Christian World Service and Anglican Missions in Aotearoa New Zealand have opened emergency appeals to support the relief work of churches in Zimbabwe, Malawi and Mozambique as they respond to the massive impact of Tropical Cyclone Idai.
The category two Cyclone Idai made landfall on 14-15 March 2019 near Beira City in central Mozambique, causing flooding across the three countries that has affected up to 3 million people and so far caused over 1000 deaths.
United Nations (UN) officials have called Cyclone Idai one of the worst weather-related disasters to ever hit the southern hemisphere. This cyclone has affected people who already live with high levels of poverty and they know there are limited services available from their governments.
The Government of Mozambique has requested international assistance as humanitarian response continues, despite the significant challenges for getting help to people after the heavy rains damaged roads and washed away bridges.
Conditions in Malawi are similar across its affected regions.
“We call upon you to join in prayers and sympathising with all the people who are trapped in this catastrophic incident and the support for these thousands of people that are displaced and rendered homeless, missing and injured”, said Rev. Alex Benson Maulana, general secretary of the Church of Central Africa Presbyterian Blantyre Synod in Malawi.
“We appeal to our partners and all people of goodwill to spare some resources and whatever you can to support our fellow brothers and sisters who are now struggling with life”.
In Mozambique over 110,000 people are living in emergency camps. In total 129,000 people have been displaced, mainly from the provinces of Zambezia, Niassa and Sofala. As efforts to rescue people trapped by the floods wind down, the region is now bracing for the spread of disease, including cholera and malaria. In order to assist the most vulnerable populations the UN is coordinating a response that prioritises education, health, hygiene kits, food security, protection and nutrition.
An initial assessment conducted by international Christian development and relief agencies network, the ACT Alliance, has identified the most urgent needs for its church-coordinated response and found that orphans and other vulnerable children have been disproportionately affected.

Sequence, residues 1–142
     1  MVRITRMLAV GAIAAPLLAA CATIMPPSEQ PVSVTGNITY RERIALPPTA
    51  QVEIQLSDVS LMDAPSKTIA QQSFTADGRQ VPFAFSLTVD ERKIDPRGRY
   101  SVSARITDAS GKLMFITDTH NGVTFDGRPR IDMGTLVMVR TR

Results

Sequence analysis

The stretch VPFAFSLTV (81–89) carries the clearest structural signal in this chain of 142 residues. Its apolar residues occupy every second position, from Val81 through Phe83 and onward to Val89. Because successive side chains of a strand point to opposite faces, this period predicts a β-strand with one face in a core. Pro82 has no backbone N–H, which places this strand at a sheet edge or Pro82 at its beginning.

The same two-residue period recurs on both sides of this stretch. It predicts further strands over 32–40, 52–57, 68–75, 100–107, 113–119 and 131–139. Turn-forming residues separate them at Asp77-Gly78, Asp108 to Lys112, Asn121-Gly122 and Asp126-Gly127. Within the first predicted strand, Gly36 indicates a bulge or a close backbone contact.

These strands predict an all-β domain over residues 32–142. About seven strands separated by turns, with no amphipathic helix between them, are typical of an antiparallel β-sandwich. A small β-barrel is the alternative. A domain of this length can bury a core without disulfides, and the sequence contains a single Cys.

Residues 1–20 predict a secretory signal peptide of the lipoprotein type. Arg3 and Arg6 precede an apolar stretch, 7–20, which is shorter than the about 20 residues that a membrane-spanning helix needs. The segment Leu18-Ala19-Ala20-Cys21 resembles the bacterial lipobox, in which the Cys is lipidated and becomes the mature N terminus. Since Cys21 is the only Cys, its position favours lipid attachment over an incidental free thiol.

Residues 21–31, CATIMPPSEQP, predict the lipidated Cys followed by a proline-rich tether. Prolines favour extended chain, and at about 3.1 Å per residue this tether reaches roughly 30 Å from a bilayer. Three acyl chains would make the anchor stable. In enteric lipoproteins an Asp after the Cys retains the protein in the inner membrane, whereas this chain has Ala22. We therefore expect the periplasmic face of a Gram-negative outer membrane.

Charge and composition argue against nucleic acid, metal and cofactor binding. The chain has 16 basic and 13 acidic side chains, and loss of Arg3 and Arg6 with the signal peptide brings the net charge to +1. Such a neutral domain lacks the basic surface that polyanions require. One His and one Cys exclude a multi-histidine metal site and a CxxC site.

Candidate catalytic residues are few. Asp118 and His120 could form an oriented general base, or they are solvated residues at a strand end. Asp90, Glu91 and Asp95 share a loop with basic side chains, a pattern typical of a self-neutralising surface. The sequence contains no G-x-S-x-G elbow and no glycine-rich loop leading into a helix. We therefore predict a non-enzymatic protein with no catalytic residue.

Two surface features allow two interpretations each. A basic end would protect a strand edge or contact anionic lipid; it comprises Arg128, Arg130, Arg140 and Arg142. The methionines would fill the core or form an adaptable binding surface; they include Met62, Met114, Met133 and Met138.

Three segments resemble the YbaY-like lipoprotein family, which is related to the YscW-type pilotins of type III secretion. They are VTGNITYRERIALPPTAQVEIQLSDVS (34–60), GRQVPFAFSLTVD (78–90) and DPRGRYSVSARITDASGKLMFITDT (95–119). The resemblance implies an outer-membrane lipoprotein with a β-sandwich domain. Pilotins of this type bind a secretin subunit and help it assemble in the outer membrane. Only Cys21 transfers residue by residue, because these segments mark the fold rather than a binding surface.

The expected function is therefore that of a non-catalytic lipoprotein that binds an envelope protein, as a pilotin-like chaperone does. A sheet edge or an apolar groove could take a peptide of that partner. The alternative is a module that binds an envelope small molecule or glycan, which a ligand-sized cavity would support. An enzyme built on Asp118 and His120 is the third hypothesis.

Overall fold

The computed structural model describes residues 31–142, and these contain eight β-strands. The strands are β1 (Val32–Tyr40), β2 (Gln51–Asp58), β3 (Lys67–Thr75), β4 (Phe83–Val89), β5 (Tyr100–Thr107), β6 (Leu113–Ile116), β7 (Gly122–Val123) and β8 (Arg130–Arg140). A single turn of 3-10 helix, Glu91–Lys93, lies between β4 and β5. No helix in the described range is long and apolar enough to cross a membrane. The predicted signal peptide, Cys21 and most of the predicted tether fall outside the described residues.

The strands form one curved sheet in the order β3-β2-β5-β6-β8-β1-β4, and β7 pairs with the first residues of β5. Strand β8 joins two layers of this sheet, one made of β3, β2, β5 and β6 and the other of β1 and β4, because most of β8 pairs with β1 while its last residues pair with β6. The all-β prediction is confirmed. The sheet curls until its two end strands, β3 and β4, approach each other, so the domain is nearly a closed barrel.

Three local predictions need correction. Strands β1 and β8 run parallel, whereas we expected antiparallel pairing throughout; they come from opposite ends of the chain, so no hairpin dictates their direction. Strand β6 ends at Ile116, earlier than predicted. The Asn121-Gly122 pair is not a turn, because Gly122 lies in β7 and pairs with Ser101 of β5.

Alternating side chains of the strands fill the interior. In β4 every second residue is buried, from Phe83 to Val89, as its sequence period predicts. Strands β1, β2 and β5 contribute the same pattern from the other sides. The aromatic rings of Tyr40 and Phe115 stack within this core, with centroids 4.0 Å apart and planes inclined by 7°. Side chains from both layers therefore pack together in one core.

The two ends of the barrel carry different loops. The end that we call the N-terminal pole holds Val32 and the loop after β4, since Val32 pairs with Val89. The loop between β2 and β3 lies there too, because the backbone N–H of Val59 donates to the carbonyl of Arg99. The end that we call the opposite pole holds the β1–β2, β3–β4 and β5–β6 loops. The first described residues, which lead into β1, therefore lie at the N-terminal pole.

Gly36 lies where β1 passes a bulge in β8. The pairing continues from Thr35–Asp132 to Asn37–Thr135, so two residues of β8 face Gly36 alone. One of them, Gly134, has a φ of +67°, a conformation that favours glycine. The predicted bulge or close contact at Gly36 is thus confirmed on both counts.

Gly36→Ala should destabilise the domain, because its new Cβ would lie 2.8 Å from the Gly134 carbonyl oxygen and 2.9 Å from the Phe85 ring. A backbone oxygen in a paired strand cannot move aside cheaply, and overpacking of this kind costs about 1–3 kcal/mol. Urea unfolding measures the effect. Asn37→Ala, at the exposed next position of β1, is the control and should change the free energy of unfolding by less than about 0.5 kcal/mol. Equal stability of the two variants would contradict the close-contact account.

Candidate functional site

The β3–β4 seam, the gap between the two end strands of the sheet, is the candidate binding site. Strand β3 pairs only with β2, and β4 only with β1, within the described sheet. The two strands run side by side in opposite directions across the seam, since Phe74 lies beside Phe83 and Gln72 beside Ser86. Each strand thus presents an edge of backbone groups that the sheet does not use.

The storm has destroyed more than 2,800 of Mozambique's school classrooms, 39 health centres and 17,400 houses (with 11,025 houses partially destroyed). More than 385,300 hectares of crops (affecting 53,318 small farmers whose livelihoods depends on farm produce) have been severely damaged.
Bishop of Mozambique's Lebombo Diocese, Rt Rev Carlos Matsinhe, says that Anglican efforts need to focus on recovery, highlighting the need for collaboration with other institutions and the mobilisation of local Anglican resources.
Bishop Carlos has raised the need for restoring school buildings and the need for school resources, health protection, and support to families in rebuilding their homes, agriculture and livestock. He added there is a need to buy seeds and agricultural equipment to help people get back on their feet.
All the Christian agencies have affirmed that the best way to help is through prayer and monetary donations that will enable people on the ground to get the right support to those who need it most.
Donate online to Christian World Service’s Cyclone Idai Appeal (via ecumenical ACT Alliance) (tax deductible)
Donate online to Anglican Missions’ Mozambique Cyclone Idai Appeal (via Anglican Alliance)